The impact of the “empowerment” of new variants on populations depends on their vaccination coverage, and the capacities of natural or vaccine immunity to protect new variants. According to the latest data, Moderna, Pfizer / BioNTech and AstraZeneca / Oxford vaccines are almost equally effective against the delta variant, with both doses.
As a reminder, immunity to the vaccine takes a certain time to develop, the time for the body to create the antibodies, and is only complete after injection of the two doses. After the first dose, it is necessary to wait two weeks for the immunity to develop, the level of antibodies will then gradually increase. Between the first and the second dose, the protection is only partial: it is necessary to wait two weeks after the second dose for the immunity to be optimal.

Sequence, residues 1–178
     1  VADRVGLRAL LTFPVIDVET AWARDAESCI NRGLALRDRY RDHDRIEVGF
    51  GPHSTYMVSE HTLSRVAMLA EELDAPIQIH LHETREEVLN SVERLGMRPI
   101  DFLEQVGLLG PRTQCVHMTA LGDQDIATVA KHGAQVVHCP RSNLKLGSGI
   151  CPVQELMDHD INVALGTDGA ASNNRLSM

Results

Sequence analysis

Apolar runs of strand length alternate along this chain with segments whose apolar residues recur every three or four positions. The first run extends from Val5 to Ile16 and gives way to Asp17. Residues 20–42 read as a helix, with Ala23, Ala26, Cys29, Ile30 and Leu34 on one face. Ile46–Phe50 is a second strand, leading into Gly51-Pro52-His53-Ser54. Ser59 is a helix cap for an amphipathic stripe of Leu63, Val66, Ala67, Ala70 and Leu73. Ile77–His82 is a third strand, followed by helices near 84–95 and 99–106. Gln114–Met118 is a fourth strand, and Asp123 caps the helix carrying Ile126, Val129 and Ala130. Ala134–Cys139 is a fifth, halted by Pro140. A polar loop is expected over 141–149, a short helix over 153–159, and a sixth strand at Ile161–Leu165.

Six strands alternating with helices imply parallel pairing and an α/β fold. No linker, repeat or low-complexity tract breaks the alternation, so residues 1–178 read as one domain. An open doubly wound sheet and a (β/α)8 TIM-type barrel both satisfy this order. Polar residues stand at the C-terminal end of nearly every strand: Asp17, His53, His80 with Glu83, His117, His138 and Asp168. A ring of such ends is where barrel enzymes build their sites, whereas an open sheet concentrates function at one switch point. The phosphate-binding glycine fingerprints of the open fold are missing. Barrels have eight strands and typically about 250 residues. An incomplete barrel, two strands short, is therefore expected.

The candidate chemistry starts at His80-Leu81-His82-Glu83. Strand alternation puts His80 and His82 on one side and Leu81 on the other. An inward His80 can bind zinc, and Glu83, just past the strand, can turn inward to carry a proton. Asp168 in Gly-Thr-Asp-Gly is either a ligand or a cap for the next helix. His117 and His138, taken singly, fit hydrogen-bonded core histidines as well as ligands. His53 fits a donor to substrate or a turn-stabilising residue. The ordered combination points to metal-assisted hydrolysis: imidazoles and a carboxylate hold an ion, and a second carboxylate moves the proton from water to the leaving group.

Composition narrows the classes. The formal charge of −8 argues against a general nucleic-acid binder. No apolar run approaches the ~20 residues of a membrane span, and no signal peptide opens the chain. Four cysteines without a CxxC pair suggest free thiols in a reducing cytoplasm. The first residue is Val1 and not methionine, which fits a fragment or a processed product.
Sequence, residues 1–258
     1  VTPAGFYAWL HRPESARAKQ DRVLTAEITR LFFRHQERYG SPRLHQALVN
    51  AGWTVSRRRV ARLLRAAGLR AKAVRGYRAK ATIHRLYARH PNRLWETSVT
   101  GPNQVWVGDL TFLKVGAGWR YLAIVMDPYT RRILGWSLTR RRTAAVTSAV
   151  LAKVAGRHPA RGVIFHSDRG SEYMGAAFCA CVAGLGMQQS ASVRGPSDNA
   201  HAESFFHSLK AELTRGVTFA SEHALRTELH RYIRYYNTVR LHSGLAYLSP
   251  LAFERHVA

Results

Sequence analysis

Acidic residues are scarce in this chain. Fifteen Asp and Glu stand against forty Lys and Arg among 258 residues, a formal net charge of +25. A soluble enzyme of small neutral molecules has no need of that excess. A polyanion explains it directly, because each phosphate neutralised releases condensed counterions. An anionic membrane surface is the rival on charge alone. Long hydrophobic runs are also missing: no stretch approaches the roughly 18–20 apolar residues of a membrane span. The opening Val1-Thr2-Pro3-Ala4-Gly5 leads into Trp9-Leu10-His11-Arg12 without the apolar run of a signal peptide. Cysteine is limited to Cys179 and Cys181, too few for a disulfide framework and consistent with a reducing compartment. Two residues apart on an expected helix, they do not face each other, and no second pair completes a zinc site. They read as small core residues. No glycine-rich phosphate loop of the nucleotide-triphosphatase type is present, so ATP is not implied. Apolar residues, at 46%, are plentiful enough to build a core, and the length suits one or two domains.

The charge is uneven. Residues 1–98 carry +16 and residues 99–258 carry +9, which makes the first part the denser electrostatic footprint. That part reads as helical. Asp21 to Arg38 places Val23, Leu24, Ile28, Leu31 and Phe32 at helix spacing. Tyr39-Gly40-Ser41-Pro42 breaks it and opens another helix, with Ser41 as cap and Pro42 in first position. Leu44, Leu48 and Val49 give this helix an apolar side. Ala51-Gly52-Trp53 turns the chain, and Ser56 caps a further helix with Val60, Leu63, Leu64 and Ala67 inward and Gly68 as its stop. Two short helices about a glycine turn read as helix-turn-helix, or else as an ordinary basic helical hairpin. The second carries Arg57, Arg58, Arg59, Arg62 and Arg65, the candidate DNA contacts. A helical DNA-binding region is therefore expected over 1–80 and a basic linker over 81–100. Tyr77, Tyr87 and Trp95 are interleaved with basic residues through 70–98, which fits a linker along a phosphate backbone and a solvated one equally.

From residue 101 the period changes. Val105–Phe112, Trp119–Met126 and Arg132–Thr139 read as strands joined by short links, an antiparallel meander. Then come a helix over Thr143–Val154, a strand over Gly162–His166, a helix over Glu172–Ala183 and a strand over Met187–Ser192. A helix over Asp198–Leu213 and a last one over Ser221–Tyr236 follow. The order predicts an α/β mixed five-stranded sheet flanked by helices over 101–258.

It was in India that the delta variant first developed: it is partly responsible for the recent outbreak of contamination. Closer to home, it is in the United Kingdom that this variant has become the majority, causing concern on the European continent. Despite a vaccination rate of 55%, the number of contaminations has started to follow a rising curve since the end of May, when the Guardian reported a 160% increase in the number of cases linked to the Delta variant on May 20. Currently, this rise in contamination is not reflected in hospitalizations, which remain stable in the country, and mainly concern unvaccinated people.
A variant that increases minimum immunization coverage
Even if the number of new British contaminations remains relatively low, compared to previous waves, some scientists see the appearance of a third wave, and ask the British government to postpone the end date of the covid restrictions, set on June 21 , that is, the day when 60% of the population will be vaccinated, according to the latest estimates.
Because, if a more contagious variant becomes dominant in the population, it then increases the basic reproduction rate Ro, which represents the average number of people infected by an infected person, in a population where all individuals are likely to be infected. . *